This forum is an un-mediated, patient-to-patient forum for questions and support regarding herpes issues such as: Herpes symptoms and treatments, causes, diagnosis, and herpes in men, tests, telling your spouse or partner.
I am dating a beautiful lady who has genital herpes.She and I take suppresion medicine and I wear a condom. My question is--If I give her oral sex will I get herpes on my mouth and how bad is it? 2-If I give her oral sex and then kiss her right after could the herpes spread from her vagina to her mouth?
Thanks for all your help.
Have you been tested for herpes to see what your own status is?
Why are you on suppressive therapy too?
You could contract hsv2 orally thru oral sex but it doesn't happen very frequently. To greatly simplify it - hsv2 doesn't "like" the oral area. You aren't going to give her hsv2 orally from performing oral sex on her and then kissing her.
Not necessarily. The negative partner using suppressive medication has not been studied. If she is on suppressive medication and you are using condoms, that is the gold standard for protecting a negative partner. Anything over and above that won't further your protection. Dr. Handsfield on the doctor side of the forum has discussed this. In theory, the negative person using meds should be protective, but it's just not known for sure.
You need to know if you have either type of herpes, though, so I would recommend that you be tested as well. If you and she both have type 2, neither one of you needs suppressive therapy.
What if I decided not to use a condom. I HATE wearing them:( Would you think suppresive tharapy would help then? One last question. I read about a possibe herpes vaccine. Truth or False?
Thank you all for your help
I didn't get tested because I don't think I have it. Stop rolling your eyes :)
I will get tested to make sure though. I HATE wearing a condom. Would you think suppresive tharapy would help then? One last question. I read about a possibe herpes vaccine. Truth or False?
Ok so you only told waringblender to stop rolling her eyes so I will do it enough for her and I both :D
Really - go get tested for herpes to see what your baseline status is. If over 90% of those infected with hsv2 have no idea they have it until tested and 1 out of every 5 males in the US has hsv2 - why wouldn't you get tested?
You taking suppressive therapy is pretty much probably more of a waste of money than anything. If anything it will just prolong how long you have to wait after this relationship is over before you can be sure that you don't have hsv2 yourself before moving on to a new relationship. If you and your woman do nothing but avoid sex during obvious symptoms - you are about 96% likely each year NOT to contract hsv2 from her. Her taking daily suppressive therapy cuts your risk in half to about 98% likely each year NOT to contract hsv2 from her. If you use condoms it ups your odds to 99% on average. Even without condoms - any additional protection that you taking suppressive therapy for isn't significant and at the price of valtrex - why bother for a lousy 2% risk on average? Also we have no studies that show that the uninfected partner taking valtrex reduces their chances of taking it anyways - it would probably just make you less aware of being infected should you contract the virus from her.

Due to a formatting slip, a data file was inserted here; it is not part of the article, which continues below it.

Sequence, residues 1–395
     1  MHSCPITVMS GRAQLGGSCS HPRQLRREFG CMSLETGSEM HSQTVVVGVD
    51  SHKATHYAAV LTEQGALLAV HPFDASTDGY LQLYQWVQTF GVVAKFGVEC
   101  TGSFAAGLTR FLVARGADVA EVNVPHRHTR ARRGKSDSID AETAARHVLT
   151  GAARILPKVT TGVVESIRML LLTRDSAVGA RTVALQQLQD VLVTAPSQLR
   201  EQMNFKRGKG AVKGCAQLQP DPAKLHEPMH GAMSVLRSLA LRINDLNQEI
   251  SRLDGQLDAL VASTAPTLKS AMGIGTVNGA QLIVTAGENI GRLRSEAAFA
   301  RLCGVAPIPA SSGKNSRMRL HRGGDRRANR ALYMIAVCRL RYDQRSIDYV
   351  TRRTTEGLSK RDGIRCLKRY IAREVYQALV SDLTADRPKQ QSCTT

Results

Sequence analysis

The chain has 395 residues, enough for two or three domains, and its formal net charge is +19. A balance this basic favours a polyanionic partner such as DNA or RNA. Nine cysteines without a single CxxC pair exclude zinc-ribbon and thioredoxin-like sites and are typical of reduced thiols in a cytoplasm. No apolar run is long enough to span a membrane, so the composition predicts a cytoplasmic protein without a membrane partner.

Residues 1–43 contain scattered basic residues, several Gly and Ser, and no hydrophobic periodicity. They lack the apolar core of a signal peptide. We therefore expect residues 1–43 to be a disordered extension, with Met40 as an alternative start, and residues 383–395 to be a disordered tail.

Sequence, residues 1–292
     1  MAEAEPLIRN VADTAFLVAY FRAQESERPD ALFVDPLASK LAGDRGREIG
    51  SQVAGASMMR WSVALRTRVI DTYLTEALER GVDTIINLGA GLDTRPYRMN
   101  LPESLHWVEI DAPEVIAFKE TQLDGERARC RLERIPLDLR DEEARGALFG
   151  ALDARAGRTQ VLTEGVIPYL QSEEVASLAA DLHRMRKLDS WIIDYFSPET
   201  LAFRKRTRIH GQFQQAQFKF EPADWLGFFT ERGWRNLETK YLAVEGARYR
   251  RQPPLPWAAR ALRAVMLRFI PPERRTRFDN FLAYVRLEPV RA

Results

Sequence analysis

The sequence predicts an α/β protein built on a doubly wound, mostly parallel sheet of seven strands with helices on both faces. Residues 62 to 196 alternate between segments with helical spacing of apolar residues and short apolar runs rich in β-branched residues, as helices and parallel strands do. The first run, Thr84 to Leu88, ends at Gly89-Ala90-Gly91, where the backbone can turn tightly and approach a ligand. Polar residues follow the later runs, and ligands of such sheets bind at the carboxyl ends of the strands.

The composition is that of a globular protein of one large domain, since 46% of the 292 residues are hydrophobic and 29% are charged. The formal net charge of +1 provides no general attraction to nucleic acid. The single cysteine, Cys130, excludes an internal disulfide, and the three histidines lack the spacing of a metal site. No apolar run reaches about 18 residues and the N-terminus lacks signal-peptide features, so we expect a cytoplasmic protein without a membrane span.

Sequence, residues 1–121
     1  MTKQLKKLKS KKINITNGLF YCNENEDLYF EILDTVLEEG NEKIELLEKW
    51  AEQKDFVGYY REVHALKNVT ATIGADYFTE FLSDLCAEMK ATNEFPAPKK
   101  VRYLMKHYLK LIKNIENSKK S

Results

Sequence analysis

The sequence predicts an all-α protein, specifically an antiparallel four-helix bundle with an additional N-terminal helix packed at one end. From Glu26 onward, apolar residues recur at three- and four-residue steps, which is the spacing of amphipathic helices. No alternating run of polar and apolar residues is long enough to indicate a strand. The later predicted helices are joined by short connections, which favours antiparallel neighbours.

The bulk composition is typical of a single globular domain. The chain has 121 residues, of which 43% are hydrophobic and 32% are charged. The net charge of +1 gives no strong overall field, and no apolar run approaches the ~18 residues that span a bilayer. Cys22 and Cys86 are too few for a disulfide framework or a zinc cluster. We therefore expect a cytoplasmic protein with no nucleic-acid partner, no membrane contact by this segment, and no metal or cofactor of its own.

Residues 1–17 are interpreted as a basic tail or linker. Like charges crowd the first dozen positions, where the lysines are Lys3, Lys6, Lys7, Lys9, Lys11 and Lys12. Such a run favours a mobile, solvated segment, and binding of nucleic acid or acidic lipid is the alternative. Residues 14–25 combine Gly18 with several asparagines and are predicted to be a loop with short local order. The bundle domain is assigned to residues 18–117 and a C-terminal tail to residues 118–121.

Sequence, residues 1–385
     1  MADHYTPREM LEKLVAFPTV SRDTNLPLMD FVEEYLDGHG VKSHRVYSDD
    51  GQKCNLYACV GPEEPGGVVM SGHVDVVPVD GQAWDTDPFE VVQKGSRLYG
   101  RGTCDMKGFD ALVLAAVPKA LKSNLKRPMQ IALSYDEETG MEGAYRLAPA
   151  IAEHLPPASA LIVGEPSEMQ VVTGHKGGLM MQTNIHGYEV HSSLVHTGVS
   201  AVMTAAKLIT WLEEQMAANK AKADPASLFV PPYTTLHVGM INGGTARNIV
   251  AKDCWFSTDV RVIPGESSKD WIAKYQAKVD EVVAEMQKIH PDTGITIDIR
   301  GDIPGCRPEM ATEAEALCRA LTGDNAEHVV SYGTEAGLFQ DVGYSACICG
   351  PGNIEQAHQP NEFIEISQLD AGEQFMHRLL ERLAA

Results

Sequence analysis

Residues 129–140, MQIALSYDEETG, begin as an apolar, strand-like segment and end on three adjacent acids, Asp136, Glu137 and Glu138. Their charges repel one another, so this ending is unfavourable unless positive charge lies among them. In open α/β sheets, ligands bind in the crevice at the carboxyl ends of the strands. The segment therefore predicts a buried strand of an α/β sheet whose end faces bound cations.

The only herpes vaccine in testing right now is the herpevac vaccine. It's closing up it's phase 3 trials. It offered no significant protection for males at all.
And by the way, herpes is not the only thing you should be testing for. Your partner deserves to have a full screen panel STD test from you, including HIV, Chlamydia, gonorrhea, syphilis, and herpes -1 and -2. Actually, you both deserve it from one another.
"I don't think I have it" in my book is code for "I'm terrified of finding out what I might have." Testing can bring up all sorts of feelings, including making many folks question some of the sexual behaviors they've engaged in in their past.
One of the best arguments for getting tested is, like grace said, the cost of medication. I'm a person who doesn't use medication unless I have a negative partner. The reason is because I don't have enough episodes to make the inconvenience of medication worth my effort. So I need to know if my partner already has type 2, because if he does, I won't be taking (and therefore paying for) medication.
Really, saying you "think you don't have it" is one of the lamest excuses given for not getting tested. Doesn't your partner deserve better than that? Respect her health enough to go and do it, even if you don't care what you have or don't have.
I also never bought the "I hate condoms" line. We're at the Millennium here and unless you've been living under a rock, you are well aware of how effective condoms are in protecting your health and therefore not dissing them out-of-hand.
Men who say "I hate condoms" generally are very naive and uninformed about condoms in general. There are many different condom manufacturers and types of condoms available, and it won't cost you too much to try different brands and find one that fits. Google "condom depot" and take a look at their website. A condom should not constrict you to the point that you find it uncomfortable, and it might take a little time to find one that fits your particular anatomy. Make sure you also know how to put it on and take it off. If you are well-endowed, they make them for your size, girth, and length. If you like a "naked" feeling, they've got those too. Check out the "Top 10" at the condom depot website for some of these options.
Once you find a brand and size that is comfortable for you, you won't be so down on wearing them.
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